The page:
Thompson v. Social Security Administration Commissioner

Filing 11

MEMORANDUM OPINION. Signed by Honorable Erin L. Setser on September 17, 2013. (lw)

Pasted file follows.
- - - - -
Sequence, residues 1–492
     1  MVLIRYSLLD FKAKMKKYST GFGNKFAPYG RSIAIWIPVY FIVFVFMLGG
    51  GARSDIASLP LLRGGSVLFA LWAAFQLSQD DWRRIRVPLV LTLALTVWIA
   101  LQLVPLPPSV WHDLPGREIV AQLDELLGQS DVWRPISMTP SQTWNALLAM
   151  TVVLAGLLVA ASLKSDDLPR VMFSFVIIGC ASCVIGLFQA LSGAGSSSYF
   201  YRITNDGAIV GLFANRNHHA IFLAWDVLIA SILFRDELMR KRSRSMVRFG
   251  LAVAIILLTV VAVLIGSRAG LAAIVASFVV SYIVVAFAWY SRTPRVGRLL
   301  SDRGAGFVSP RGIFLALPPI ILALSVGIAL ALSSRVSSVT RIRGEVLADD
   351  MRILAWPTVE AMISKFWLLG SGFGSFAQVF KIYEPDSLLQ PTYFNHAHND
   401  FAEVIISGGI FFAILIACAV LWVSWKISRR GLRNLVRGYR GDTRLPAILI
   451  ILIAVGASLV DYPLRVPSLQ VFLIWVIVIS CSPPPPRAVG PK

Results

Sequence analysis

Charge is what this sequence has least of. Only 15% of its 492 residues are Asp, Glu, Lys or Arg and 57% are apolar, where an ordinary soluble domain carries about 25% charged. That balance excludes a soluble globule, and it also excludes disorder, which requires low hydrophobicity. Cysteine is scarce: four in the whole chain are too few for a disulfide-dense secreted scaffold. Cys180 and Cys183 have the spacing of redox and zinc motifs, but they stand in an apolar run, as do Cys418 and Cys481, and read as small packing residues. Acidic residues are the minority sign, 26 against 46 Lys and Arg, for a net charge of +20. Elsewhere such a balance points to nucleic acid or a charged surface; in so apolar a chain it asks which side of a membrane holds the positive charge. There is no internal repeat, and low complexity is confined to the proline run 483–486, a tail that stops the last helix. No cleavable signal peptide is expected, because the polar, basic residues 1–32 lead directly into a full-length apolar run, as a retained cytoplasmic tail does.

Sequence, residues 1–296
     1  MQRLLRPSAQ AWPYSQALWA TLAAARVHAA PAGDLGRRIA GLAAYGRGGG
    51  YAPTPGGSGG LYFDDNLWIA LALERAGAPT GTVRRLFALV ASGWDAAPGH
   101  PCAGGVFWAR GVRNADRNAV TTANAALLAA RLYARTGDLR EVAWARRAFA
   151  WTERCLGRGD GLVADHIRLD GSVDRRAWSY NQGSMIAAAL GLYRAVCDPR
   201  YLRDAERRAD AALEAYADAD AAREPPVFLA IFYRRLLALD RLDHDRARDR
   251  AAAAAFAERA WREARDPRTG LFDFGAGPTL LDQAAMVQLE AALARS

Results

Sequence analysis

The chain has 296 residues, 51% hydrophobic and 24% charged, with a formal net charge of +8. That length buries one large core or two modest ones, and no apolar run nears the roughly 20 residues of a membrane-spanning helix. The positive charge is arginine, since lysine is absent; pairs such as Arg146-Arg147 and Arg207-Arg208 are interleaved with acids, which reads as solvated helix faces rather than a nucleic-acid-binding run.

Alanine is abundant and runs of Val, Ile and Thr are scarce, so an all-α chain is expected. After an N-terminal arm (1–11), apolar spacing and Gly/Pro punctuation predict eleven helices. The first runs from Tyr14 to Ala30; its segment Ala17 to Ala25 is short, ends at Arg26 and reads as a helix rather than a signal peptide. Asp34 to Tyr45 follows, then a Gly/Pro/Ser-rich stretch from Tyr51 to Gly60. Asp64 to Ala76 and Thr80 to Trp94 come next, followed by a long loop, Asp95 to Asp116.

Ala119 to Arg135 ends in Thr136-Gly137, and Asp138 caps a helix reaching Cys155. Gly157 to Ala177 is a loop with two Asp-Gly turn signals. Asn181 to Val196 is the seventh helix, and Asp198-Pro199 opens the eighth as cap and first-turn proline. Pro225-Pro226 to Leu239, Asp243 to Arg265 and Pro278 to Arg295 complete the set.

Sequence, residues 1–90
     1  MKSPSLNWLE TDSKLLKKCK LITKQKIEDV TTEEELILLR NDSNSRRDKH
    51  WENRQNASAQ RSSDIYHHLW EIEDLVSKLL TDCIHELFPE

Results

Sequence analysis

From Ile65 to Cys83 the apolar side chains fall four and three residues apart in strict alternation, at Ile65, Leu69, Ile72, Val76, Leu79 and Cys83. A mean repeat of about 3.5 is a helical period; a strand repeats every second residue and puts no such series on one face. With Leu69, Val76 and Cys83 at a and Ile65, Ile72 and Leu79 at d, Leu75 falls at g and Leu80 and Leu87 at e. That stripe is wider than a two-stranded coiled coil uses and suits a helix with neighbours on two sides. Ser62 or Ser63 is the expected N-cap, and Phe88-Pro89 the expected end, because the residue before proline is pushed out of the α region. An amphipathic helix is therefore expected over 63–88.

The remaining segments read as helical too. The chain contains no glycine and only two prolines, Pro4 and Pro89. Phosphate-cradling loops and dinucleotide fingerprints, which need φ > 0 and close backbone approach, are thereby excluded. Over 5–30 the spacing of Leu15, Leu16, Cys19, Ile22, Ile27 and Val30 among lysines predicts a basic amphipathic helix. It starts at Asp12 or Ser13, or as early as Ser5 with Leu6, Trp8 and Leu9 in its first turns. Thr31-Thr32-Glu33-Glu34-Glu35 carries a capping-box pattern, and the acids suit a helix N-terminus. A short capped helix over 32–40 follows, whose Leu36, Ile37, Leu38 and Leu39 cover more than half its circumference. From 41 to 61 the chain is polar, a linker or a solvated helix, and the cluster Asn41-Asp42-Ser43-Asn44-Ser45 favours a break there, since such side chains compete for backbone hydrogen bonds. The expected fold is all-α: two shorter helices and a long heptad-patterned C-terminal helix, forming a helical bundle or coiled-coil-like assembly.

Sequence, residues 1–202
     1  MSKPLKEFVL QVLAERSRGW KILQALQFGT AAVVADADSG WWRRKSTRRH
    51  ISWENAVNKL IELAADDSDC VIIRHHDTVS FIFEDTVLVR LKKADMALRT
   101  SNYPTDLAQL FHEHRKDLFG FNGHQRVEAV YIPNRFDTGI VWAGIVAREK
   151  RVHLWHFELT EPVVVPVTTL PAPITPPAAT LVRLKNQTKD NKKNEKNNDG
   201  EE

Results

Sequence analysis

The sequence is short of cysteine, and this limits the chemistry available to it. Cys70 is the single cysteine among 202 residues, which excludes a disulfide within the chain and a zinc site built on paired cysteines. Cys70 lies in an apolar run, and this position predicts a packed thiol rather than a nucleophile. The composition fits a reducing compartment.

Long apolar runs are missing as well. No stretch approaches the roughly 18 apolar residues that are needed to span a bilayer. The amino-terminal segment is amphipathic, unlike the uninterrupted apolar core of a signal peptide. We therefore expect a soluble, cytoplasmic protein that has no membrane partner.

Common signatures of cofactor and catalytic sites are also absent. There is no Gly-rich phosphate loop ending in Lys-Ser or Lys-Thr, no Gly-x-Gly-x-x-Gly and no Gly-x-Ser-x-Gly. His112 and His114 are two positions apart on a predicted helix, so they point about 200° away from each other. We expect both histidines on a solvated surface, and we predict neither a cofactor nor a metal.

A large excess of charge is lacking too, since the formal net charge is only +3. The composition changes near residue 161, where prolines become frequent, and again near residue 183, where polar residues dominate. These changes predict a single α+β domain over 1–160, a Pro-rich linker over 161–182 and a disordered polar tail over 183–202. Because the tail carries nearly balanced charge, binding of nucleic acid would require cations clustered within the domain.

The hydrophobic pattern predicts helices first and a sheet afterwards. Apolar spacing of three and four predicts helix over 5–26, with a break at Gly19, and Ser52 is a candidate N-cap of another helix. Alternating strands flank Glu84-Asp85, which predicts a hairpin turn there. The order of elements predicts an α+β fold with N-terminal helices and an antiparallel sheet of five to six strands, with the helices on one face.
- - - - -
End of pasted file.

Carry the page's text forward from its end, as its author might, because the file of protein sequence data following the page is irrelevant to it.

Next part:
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IN THE UNITED STATES DISTRICT COURT WESTERN DISTRICT OF ARKANSAS HARRISON DIVISION JANIE C.M. THOMPSON V. PLAINTIFF NO. 12-3015 CAROLYN W. COLVIN,1 Acting Commissioner of the Social Security Administration DEFENDANT MEMORANDUM OPINION Plaintiff, Janie C.M. Thompson, brings this action pursuant to 42 U.S.C. § 405(g), seeking judicial review of a decision of the Commissioner of the Social Security Administration (Commissioner) denying her claims for a period of disability and disability insurance benefits (DIB) and supplemental security income (SSI) under the provisions of Titles II and XVI of the Social Security Act (Act). In this judicial review, the Court must determine whether there is substantial evidence in the administrative record to support the Commissioner’s decision. See 42 U.S.C. § 405(g). I. Procedural Background: Plaintiff protectively filed her applications for DIB and SSI on May 28, 2010, alleging an inability to work since October 29, 2008, due to clogged arteries, stents, heart problem, high blood pressure, and diabetes. (Tr. 139-140, 146-149, 190, 194). An administrative hearing was held on March 9, 2011, at which Plaintiff appeared with counsel and Plaintiff, her daughter, and a friend testified. (Tr. 37-77). 1 Carolyn W. Colvin, has been appointed to serve as acting Commissioner of Social Security, and is substituted as Defendant, pursuant to Rule 25(d)(1) of the Federal Rules of Civil Procedure. -1- AO72A (Rev. 8/82) By written decision dated September 7, 2011, the ALJ found that during the relevant time period, Plaintiff had an impairment or combination of impairments that were severe - peripheral vascular disease status post stenting, diabetes mellitus, obesity, and osteoarthritis of the hips and lumbar spine. (Tr. 16). However, after reviewing all of the evidence presented, the ALJ determined that Plaintiff’s impairments did not meet or equal the level of severity of any impairment listed in the Listing of Impairments found in Appendix I, Subpart P, Regulation No. 4. (Tr. 16). The ALJ found Plaintiff retained the residual functional capacity (RFC) to: perform light work as defined in 20 CFR 404.1567(b) and 416.967(b) except the claimant can sit for 6 hours total and stand and/or walk for 2 hours total in an eight-hour workday; the claimant can only occasionally climb, balance, stoop, kneel, crouch, and crawl; and the claimant must avoid even moderate exposure to hazards. (Tr. 17). With the help of the vocational expert (VE), the ALJ determined that Plaintiff could perform her past relevant work as a wire worker. (Tr. 21). Plaintiff then requested a review of the hearing decision by the Appeals Council, which denied the request on December 21, 2011. (Tr. 1-4). Subsequently, Plaintiff filed this action. (Doc. 1). This case is before the undersigned pursuant to the consent of the parties. (Doc. 5). Both parties have filed appeal briefs, and the case is now ready for decision. (Docs. 8, 10). The Court has reviewed the entire transcript. The complete set of facts and arguments are presented in the parties’ briefs, and are repeated here only to the extent necessary. II. Applicable Law: This Court’s role is to determine whether the Commissioner’s findings are supported by substantial evidence on the record as a whole. Ramirez v. Barnhart, 292 F. 3d 576, 583 (8th Cir. 2002). Substantial evidence is less than a preponderance but it is enough that a reasonable mind -2- AO72A (Rev. 8/82) would find it adequate to support the Commissioner’s decision. The ALJ’s decision must be affirmed if the record contains substantial evidence to support it. Edwards v. Barnhart, 314 F. 3d 964, 966 (8th Cir. 2003). As long as there is substantial evidence in the record that supports the Commissioner’s decision, the Court may not reverse it simply because substantial evidence exists in the record that would have supported a contrary outcome, or because the Court would have decided the case differently. Haley v. Massanari, 258 F.3d 742, 747 (8th Cir. 2001). In other words, if after reviewing the record, it is possible to draw two inconsistent positions from the evidence and one of those positions represents the findings of the ALJ, the decision of the ALJ must be affirmed. Young v. Apfel, 221 F. 3d 1065, 1068 (8th Cir. 2000). It is well established that a claimant for Social Security disability benefits has the burden of proving her disability by establishing a physical or mental disability that has lasted at least one year and that prevents her from engaging in any substantial gainful activity. Pearsall v. Massanari, 274 F. 3d 1211, 1217 (8th Cir. 2001); see also 42 U.S.C. §§423(d)(1)(A), 1382c(a)(3)(A). The Act defines “physical or mental impairment” as “an impairment that results from anatomical, physiological, or psychological abnormalities which are demonstrable by medically acceptable clinical and laboratory diagnostic techniques.” 42 U.S.C. §§423(d)(3), 1382(3)(D). A Plaintiff must show that her disability, not simply her impairment, has lasted for at least twelve consecutive months. The Commissioner’s regulations require him to apply a five-step sequential evaluation process to each claim for disability benefits: (1) whether the claimant had engaged in substantial gainful activity since filing her claim; (2) whether the claimant had a severe physical and/or mental impairment or combination of impairments; (3) whether the impairment(s) met or equaled -3- AO72A (Rev. 8/82) an impairment in the listings; (4) whether the impairment(s) prevented the claimant from doing past relevant work; and (5) whether the claimant was able to perform other work in the national economy given her age, education, and experience. See 20 C.F.R. §416.920. Only if the final stage is reached does the fact finder consider the Plaintiff’s age, education, and work experience in light of her residual functional capacity (RFC). See McCoy v. Schweiker, 683 F.2d 1138, 1141-42 (8th Cir. 1982); 20 C.F.R. §416.920. III. Discussion: Plaintiff raises the following issues on appeal: 1) The ALJ failed to follow the “Treating Physician’s” Rule; and 2) The ALJ’s decision is not supported by substantial evidence. (Doc. 8). A. Weight to be given Treating Physician’s Opinion: “A treating source's opinion is to be given controlling weight where it is supported by acceptable clinical and laboratory diagnostic techniques and where it is not inconsistent with other substantial evidence in the record.” Shontos v. Barnhart, 328 F.3d 418, 426 (8th Cir.2003), paraphrasing 20 C.F.R. § 404.1527(d)(2). When a treating source's opinion is not controlling, it is weighed by the same factors as any other medical opinion: the examining relationship, the treatment relationship, supporting explanations, consistency, specialization, and other factors. See 20 C.F.R. § 404.1527(d). In this case, Plaintiff’s treating physician, Dr. Robert C. Ahrens, M.D., completed a Medical Source Statement on November 29, 2010. (Tr. 468). Dr. Ahren opined, inter alia, that Plaintiff was not capable of handling a job in a competitive work situation, and that she would be absent “several” days per month as a result of her impairments or treatment. (Tr. 468). In his decision, the ALJ addressed Dr. Ahrens’ opinion as follows: -4- AO72A (Rev. 8/82) As for the opinion evidence, the opinions regarding the claimant’s residual functional capacity provided by Robert C. Ahrens, M.D., are afforded no weight as they are not supported by the objective medical evidence of record or even Dr. Ahrens’ own treatment notes. (Exhibit 10F). The State agency medical consultants’ physical assessments are afforded little weight because evidence received at the hearing level shows that the claimant is more limited than determined by the State agency consultants. (Exhibits 6F & 8F). The opinion provided by Robert E. Casali is afforded significant weight as it is based upon objective medical evidence. (Exhibit 13F). Finally, the opinion of Shannon H. Brownfield is afforded some, but not substantial, weight, as Dr. Brownfield did not have the benefit of a longitudinal treatment history with the claimant from which to formulate the opinion. (Exhibit 12F). (Tr. 21). As noted by Defendant, other than Plaintiff’s visit to the Ahrens Clinic in August of 2006, the medical evidence of record provided adequate evidence for the ALJ to properly evaluate Dr. Ahrens’ opinion, in light of the fact that Dr. Ahrens only saw Plaintiff on a couple of occasions and did not perform clinical examinations. (Tr. 21, 470-471). In addition, although Dr. Shannon H. Brownfield opined that Plaintiff would have severe to moderate limitations with prolonged standing and walking, and moderate limitations with prolonged sitting/stooping, bending, and lifting (Tr. 478), the ALJ’s RFC took this into consideration in his RFC, since he required Plaintiff to sit for 6 hours total and stand and/or walk for 2 hours total in an eight-hour workday, rather than standing or walking, off and on, for a total of approximately 6 hours of an 8-hour workday, as normally required in positions involving light work. See SSR 83-10. Based upon the foregoing, as well as for those reasons given in Defendant’s well-stated brief, the Court finds there is substantial evidence to support the ALJ’s findings as to the weight given to Dr. Ahrens’ opinion. -5- AO72A (Rev. 8/82) B. Substantial Evidence to Support the ALJ’s decision: In support of this argument, Plaintiff simply delineates general principles relating to substantial evidence, and then stated that “a decision such as this one that ignores clear evidence that this lady is not nearly as capable as the ALJ believes and only creates out of thin air reasons for ignoring the assessment’s of a physician whose conclusions are favorable to the claimant is not supported by substantial evidence.” (Doc. 8 at p. 9). RFC is the most a person can do despite that person’s limitations. 20 C.F.R. §404.1545(a)(1). It is assessed using all relevant evidence in the record. Id. This includes medical records, observations of treating physicians and others, and the claimant’s own description of her limitations. Guilliams v. Barnhart, 393 F.3d 798, 801 (8th Cir. 2005); Eichelberger v. Barnhart, 390 F.3d 584, 591 (8th Cir. 2004). Limitations resulting from symptoms such as pain are also factored into the assessment. 20 C.F.R. § 404.1545(a)(3). The Eighth Circuit has held that a “claimant’s residual functional capacity is a medical question.” Lauer v. Apfel, 245 F.3d 700, 704 (8th Cir. 2001). Therefore, an ALJ’s determination concerning a claimant’s RFC must be supported by medical evidence that addresses the claimant’s ability to function in the workplace.” Lewis v. Barnhart, 353 F.3d 642, 646 (8th Cir. 2003). “The ALJ is [also] required to set forth specifically a claimant’s limitations and to determine how those limitations affect his RFC.” Id. In this case, the ALJ clearly considered all of the medical records, observations of treating physicians and others, as well as Plaintiff’s own description of her limitations. In fact, the ALJ noted that Plaintiff worked after the alleged disability onset date on a part-time basis for Care Free Living as a personal care taker, and quit because she was not getting enough hours, and -6- AO72A (Rev. 8/82) worked after the onset date at Tyson’s chicken plant for three weeks. (Tr. 15). The ALJ carefully considered all of the Plaintiff’s medical records regarding her peripheral vascular disease, her surgeries, and her daily activities. (Tr. 17-19). The ALJ also addressed Plaintiff’s credibility, noting some of the inconsistencies in her reports regarding her ability to walk, stand, and sit. (Tr. 20). Based upon the foregoing, as well as for those reasons given in Defendant’s well-stated brief, the Court finds there is substantial evidence to support the ALJ’s decision. IV. Conclusion: Accordingly, having carefully reviewed the record, the Court finds substantial evidence supporting the ALJ’s decision denying the Plaintiff benefits, and thus the decision is hereby affirmed. The undersigned further finds that Plaintiff’s Complaint should be, and is hereby, dismissed with prejudice. IT IS SO ORDERED this 17th day of September, 2013. /s/ Erin L. Setser HON. ERIN L. SETSER UNITED STATES MAGISTRATE JUDGE -7- AO72A (Rev. 8/82)